Carefully, she affixed the knotted rope she had created out of the bedsheets to the hooks and dropped it out the window. It didn't quite reach the ground, but Christine judged that it was a safe distance to drop.

"Here I come," she called. "Just be ready to catch me if I fall!"

"I'll always catch you." It was said so quietly that it barely drifted up on the wind, but it made the flutters in her stomach return.

"How did you know how to do that?" McCoy asked when she had safely reached the bottom.

"I had three older brothers, and I went to an all girl's Catholic school," she replied with a wicked grin. "There are very few places that I can't figure out how to escape from."

And with that she sauntered off down the forest path while her friend's brain attempted to reboot itself.


"So what do you think is next?" Christine asked sometime later.

"Well, they've given us Red Riding Hood and Rapunzel. So they might go with Snow White or Sleeping Beauty. Cinderella might be doable, although - what?" he asked as Christine grinned at him broadly.

"I had no idea you were so well versed in fairy tales."

McCoy's face darkened. "Before Jocelyn t-took her, Joanna was in a princess phase. I must have read fairy tales to her before bed every night for two months."

Christine put her hand on his arm in comfort and they walked in silence for a ways. "What I want to know," she said eventually, "is why they're using old Earth fairy tales. We were told we'd have to overcome obstacle - what good does this do? And how did they even get a hold of them?"

"Well, I'm sure the Enterprise's computer has a full library of fairy tales. But I have no idea why they're using them. I'm a medical doctor, not a shrink. Ask Liz when we get back."

"I plan to. You know," Christine said slowly as an idea began to form, "they said they wanted to observe our decision making processes, right?"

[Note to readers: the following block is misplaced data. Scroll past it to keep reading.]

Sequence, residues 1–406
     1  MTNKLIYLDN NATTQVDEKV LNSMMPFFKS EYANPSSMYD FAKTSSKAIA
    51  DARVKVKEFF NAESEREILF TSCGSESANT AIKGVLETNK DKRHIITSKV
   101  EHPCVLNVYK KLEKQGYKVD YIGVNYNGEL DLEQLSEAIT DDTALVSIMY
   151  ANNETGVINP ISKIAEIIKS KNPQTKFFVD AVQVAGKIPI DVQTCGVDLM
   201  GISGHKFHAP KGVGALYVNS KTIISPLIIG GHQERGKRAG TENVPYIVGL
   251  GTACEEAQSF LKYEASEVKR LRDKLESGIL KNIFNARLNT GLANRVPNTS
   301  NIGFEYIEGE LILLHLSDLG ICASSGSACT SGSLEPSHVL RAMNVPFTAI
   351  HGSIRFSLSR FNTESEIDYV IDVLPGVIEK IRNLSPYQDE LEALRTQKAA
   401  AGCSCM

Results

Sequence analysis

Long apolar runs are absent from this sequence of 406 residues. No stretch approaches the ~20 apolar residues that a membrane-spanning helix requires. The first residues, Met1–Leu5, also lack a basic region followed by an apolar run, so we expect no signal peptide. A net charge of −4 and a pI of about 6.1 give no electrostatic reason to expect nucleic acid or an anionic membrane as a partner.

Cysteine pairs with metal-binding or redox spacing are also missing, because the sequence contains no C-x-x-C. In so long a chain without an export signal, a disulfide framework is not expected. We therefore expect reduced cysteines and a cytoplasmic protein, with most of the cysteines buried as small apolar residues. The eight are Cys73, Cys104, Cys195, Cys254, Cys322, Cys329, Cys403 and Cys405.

"Well, isn't the choice not to play by their script a decision?"

"I think I see where you're going with this."

"I mean, if they're using all these traditional fairy tales, we already know how the story turns out. So I say we cheat, skip to the end with as little fuss and trouble as we can manage."

"We'll see what we can manage. It depends on what they throw at us next."


"Next" turned out to be Cinderella. Or at least so Christine assumed when she found herself dressed in rags and standing in front of a beautiful tree.

"Shiver and quiver, little tree, Silver and gold throw down on me," she sang with a smile. "I'm off to get my wish..." And she watched, transfixed, as silver and gold threads twined around her, transforming her tattered dress into an elegant ball gown.

As she stepped into the horse-drawn coach that suddenly appeared beside her, Christine found herself growing giddy with excitement. The thought of Leonard dressed as the prince was enough to send her stomach all a-flutter; and the idea of dancing with him all night? Well, she wasn't prepared to admit just how many times she had fantasized about exactly that. Perhaps this wouldn't be so bad after all.

The coach broke through the last of the forest and came to a clearing in which stood a fairy tale castle. Right, no kidding, genius, Christine scolded herself, even as she allowed herself to be helped down from the coach and escorted up the stairs to the receiving line.

Her excitement grew as she approached the throne and saw her prince. Her grumpy, scowling, prince, but she knew then that she would have no other in his place. She curtseyed to him and watched his whole expression soften when he saw who was before him.

"Would my lady do me the honor of sharing this dance with me?" he asked, drawl going full force, which made Christine weak in the knees. Without waiting for a reply, he took her by the hand and led her out onto the dance floor. The other couples parted for them, until they stood in the center of the hall.